Tactically, we will continue to crush the enemy. Strategically, however, we will continue to fail as long as we keep promoting legacy officers on the basis of their time in grade, despite their overwhelming mediocrity. A drastic culture shift is necessary for an institution that has proven reluctant to change even in the face of obvious strategic failures. The military needs to boldly return to its pre-1947 culture of accountability. Without adopting accountability as a core tenant of leadership and promotion, our wars of the future are already lost. Firing senior-level leaders is an indication that the system is working and will go a long way in restoring trust and confidence in our Armed Services.
As Admiral Arleigh Burke said, “the first thing that a commander must learn is not to tolerate incompetence. As soon as you tolerate incompetence…you have an incompetent organization.” Incompetence is a common trait in our general officer corps. There is no need for courts martial, disgrace, or public humiliation; what is necessary is that we move out our current leadership and make room for competence. Trust both up and down the chain of command is the most crucial factor in any organization. Our tactical level units have that trust. When they failed or made a mistake on the battlefield, they have adapted and applied those lessons to future missions, passing them on to other units to make the organization stronger as a whole. Our senior leaders have only failed upwards since 1947.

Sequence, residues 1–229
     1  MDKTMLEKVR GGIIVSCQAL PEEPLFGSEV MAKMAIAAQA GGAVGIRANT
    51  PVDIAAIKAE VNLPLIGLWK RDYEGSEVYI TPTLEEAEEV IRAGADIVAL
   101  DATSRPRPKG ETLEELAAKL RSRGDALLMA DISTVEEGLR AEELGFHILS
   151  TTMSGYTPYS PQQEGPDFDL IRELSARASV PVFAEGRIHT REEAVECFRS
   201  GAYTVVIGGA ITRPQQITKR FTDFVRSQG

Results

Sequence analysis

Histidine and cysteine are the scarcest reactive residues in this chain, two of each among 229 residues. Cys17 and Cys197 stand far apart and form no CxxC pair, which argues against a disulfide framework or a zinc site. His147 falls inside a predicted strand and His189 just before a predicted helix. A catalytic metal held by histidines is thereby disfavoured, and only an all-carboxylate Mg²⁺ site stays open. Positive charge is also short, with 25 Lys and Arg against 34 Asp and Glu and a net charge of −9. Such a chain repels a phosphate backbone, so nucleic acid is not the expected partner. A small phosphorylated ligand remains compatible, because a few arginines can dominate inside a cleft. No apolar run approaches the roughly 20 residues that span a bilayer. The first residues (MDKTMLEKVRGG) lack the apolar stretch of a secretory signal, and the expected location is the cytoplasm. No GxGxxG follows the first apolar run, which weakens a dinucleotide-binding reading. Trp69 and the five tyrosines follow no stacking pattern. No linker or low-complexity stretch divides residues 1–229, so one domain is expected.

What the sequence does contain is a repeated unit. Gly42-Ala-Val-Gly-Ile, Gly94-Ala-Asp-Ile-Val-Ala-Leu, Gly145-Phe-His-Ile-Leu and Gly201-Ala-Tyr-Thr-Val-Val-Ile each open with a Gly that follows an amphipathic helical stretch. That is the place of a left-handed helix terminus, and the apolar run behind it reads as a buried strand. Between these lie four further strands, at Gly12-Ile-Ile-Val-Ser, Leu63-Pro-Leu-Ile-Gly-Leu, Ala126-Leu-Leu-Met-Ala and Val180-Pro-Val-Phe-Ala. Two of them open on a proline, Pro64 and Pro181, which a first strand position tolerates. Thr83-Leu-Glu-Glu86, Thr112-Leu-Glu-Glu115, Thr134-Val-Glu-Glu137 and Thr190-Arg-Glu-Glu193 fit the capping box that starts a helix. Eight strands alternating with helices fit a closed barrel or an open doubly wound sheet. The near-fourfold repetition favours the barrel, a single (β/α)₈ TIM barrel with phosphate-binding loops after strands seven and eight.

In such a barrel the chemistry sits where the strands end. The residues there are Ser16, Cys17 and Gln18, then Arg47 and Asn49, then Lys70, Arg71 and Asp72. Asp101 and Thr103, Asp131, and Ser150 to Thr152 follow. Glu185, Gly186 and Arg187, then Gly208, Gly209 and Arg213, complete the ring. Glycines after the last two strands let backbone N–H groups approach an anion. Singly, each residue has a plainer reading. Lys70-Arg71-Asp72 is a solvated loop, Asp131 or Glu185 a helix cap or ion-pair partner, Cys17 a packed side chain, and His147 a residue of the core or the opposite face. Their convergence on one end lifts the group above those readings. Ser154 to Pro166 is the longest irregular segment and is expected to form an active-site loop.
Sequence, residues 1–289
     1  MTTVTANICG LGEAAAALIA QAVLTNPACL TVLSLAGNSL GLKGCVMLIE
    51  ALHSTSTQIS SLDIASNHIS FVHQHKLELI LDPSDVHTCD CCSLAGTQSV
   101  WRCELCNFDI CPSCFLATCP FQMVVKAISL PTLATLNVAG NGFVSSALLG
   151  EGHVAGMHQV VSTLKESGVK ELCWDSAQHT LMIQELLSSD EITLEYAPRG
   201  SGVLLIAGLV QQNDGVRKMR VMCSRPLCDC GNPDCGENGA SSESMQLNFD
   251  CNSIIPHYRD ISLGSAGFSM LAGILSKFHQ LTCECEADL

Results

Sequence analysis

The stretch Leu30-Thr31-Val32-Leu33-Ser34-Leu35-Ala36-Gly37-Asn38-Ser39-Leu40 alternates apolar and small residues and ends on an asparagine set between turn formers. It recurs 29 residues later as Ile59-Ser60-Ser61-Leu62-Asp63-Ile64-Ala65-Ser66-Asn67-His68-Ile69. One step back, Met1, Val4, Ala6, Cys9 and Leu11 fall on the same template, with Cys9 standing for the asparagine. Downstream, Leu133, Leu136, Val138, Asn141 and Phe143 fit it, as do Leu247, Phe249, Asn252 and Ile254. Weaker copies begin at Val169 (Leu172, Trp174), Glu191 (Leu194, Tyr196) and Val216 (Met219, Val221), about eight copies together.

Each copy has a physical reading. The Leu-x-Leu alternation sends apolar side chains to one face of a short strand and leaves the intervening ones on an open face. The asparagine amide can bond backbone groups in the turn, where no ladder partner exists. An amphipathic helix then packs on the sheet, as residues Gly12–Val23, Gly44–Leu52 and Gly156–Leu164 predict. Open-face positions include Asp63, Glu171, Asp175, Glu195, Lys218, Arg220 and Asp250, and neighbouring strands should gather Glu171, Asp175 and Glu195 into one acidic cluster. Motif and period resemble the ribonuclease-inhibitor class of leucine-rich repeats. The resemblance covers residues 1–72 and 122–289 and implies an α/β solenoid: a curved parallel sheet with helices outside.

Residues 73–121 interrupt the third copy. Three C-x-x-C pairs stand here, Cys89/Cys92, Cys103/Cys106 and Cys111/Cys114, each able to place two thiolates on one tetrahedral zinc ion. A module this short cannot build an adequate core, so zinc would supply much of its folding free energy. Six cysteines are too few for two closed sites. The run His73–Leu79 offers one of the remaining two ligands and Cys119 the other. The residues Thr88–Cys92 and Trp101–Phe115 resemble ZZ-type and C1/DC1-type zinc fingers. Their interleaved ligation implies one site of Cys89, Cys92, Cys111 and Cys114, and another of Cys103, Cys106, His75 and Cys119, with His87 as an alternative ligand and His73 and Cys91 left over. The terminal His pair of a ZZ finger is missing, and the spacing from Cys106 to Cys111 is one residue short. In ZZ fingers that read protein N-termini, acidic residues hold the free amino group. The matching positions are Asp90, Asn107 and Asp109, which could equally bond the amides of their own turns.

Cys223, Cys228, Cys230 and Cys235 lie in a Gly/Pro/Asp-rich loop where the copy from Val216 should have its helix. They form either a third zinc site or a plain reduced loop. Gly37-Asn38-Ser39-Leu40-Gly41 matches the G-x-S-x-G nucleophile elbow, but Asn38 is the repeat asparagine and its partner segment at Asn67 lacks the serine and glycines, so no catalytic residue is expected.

Leadership is a privilege. You earn that privilege every day. In today’s military, you become a “leader” by simply waiting your turn and not popping positive on a drug test. That needs to change immediately.
Who are the next George Marshalls? I pray they are out there.
Jack Carr is the #1 New York Times bestselling author of The Devil’s Hand and host of the Danger Close Podcast. He is a former Navy SEAL Task Unit Commander and Sniper with deployments to Afghanistan and Iraq. Visit him at officialjackcarr.com and follow along on Instagram, Twitter, and Facebook at @JackCarrUSA.